The nation of Gridlandia is trying to draw voting districts for its upcoming elections. The rules are that there must be four districts and each district must be made up of four contiguous units. (Basically, each district looks like a tetris piece.) Since Gridlandia is laid out neatly in a four-by-four grid, it's not too hard to write down all of the valid plans. There turn out to be only 117 of them.
We can impose a graph or network structure to organize the collection of all of those 117 districting options. We'll let each valid plan be represented by a node in this network, and we'll connect two nodes with an edge if the plans they represent are related by a simple swap move, exchanging the district assignments of two cells from adjacent districts.
We call this structure the metagraph of districting plans. ("Metagraph" because it is a graph whose nodes represent ways of partitioning another graph.) Since Gridlandia is so symmetric, it might be useful to consider two districting plans to be the same if they are equivalent after a rigid motion like a rotation or a flip. For example,
If we do collapse the metagraph in this way (in mathematical terms, if we quotient by the action of the dihedral group D4) we are left with only 22 nodes, and we will call that smaller object a reduced metagraph.
All the ways to district Gridlandia
Below, you can interact with these mathematical objects— if your screen is big enough, they are side-by-side. On the left you can manipulate the full metagraph of Gridlandia. On the right you see the reduced metagraph where plans which are related by symmetry are merged into the same node, and two nodes are linked by an edge if any two of their representatives are adjacent in the full metagraph. Mouse over a node in the left-hand graph to see the corresponding plan and highlight all of the other nodes corresponding to symmetrically equivalent plans. Click a node to highlight all of its neighbors. Clicking a node in the right-hand graph will highlight all nodes in that symmetry class from the larger graph, plus their neighbors.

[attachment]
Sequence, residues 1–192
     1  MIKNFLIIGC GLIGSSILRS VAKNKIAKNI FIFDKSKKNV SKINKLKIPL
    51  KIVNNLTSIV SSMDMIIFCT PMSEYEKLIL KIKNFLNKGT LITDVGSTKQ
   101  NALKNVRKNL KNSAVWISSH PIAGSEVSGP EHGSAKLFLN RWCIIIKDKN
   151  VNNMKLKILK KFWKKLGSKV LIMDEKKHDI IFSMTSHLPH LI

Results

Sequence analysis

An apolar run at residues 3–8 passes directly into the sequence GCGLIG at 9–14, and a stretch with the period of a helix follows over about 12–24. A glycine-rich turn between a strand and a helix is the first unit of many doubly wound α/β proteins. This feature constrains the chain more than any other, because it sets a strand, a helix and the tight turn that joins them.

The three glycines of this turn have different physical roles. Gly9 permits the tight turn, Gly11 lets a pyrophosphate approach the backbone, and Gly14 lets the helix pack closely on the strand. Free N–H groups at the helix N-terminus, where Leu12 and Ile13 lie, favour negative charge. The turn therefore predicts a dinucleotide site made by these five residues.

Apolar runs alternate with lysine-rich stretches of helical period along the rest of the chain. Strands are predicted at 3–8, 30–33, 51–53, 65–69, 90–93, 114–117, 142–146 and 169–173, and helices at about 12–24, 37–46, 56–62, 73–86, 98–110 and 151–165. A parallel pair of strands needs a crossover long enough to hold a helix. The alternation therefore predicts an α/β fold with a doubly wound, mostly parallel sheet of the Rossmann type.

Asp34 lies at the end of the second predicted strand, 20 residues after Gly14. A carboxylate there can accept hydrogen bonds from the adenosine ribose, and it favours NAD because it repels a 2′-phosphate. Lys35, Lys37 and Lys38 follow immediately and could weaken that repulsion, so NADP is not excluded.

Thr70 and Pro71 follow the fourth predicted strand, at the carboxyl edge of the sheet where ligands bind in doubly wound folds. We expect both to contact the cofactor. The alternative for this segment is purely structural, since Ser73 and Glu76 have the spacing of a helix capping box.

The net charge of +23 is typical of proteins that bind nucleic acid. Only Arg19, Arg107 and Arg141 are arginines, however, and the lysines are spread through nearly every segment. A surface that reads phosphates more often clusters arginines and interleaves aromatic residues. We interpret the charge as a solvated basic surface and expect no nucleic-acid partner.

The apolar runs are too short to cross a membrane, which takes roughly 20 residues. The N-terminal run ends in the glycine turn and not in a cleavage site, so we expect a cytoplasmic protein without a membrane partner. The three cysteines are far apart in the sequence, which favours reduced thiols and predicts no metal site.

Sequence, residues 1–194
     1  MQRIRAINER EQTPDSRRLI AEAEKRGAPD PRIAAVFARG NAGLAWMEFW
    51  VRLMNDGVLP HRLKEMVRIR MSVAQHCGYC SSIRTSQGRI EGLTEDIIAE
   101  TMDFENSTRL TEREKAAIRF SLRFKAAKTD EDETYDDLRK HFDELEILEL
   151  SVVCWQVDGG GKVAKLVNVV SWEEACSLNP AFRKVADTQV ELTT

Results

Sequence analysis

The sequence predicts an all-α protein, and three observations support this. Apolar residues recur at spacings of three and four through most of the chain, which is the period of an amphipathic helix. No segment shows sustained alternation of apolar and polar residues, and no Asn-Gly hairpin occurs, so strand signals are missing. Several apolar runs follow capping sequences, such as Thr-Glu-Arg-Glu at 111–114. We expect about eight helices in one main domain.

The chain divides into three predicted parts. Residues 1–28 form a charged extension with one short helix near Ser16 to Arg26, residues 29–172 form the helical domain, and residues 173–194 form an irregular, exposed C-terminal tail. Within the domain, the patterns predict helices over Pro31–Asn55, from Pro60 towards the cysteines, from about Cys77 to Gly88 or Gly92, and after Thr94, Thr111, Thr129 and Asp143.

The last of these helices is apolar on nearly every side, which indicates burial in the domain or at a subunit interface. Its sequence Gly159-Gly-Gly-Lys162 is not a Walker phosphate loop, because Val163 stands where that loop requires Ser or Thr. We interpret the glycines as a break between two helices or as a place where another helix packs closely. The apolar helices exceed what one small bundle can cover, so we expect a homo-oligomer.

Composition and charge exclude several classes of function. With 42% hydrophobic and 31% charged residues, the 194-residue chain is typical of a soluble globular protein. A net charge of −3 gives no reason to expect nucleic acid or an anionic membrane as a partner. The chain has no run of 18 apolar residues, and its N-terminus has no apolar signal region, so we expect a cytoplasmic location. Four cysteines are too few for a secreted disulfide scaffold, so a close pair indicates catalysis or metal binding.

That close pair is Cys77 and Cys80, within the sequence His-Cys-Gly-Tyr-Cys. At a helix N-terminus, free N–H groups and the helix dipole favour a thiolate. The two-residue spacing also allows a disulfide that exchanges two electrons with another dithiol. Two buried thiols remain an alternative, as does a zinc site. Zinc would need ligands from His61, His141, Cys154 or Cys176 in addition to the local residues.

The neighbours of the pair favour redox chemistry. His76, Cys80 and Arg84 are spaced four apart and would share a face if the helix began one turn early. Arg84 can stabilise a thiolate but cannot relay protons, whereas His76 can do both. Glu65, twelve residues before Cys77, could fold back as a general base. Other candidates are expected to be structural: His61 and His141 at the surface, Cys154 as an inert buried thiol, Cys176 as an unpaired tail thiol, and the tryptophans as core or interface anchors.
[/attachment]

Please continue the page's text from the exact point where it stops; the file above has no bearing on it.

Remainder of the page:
Nodes in the full metagraph are sized according to their degree, or number of neighbors. Nodes in the reduced metagraph are sized according to the number of representatives in that symmetry class.
Elections in Gridlandia
Now let's think about voting in Gridlandia. Gridlandia has plurality elections and two political parties, the Purple Party and the Orange Party. For simplicity, we'll start by assuming that everyone in the same grid unit votes the same way—either for the Purple candidate or the Orange candidate. Within each district, the party with the most votes wins the election, and ties are left ambiguous—nobody wins. Below, you can click each grid unit to toggle its vote between the parties. On the left, the nodes in the metagraph will change color to indicate which party wins a legislative majority under the corresponding plan. A node will remain gray if it has the same number of Purple- and Orange-favoring districts.
Let's make things a little more complicated. Instead of each unit voting entirely for one party, we will give it a balance of Purple and some Orange supporters, in 10% increments. The same electoral rules apply. Left- or right-click on each unit to adjust the balance of Orange and Purple supporters.
Play around with this!
- What happens when the Orange party has a slight majority in most of the cells but a few are heavily Purple?
- Can you find a distribution of voters where one party has less than half of the votes but still wins three out of four districts?
- Can you find a distribution of voters that creates a Purple-colored metagraph node surrounded entirely by Orange nodes?
If we're interested in studying redistricting in the real world, we'll need techniques that work on much, much more complicated graphs. We will develop some of these techniques using the 5x5 grid, which has a much larger universe of valid districting plans.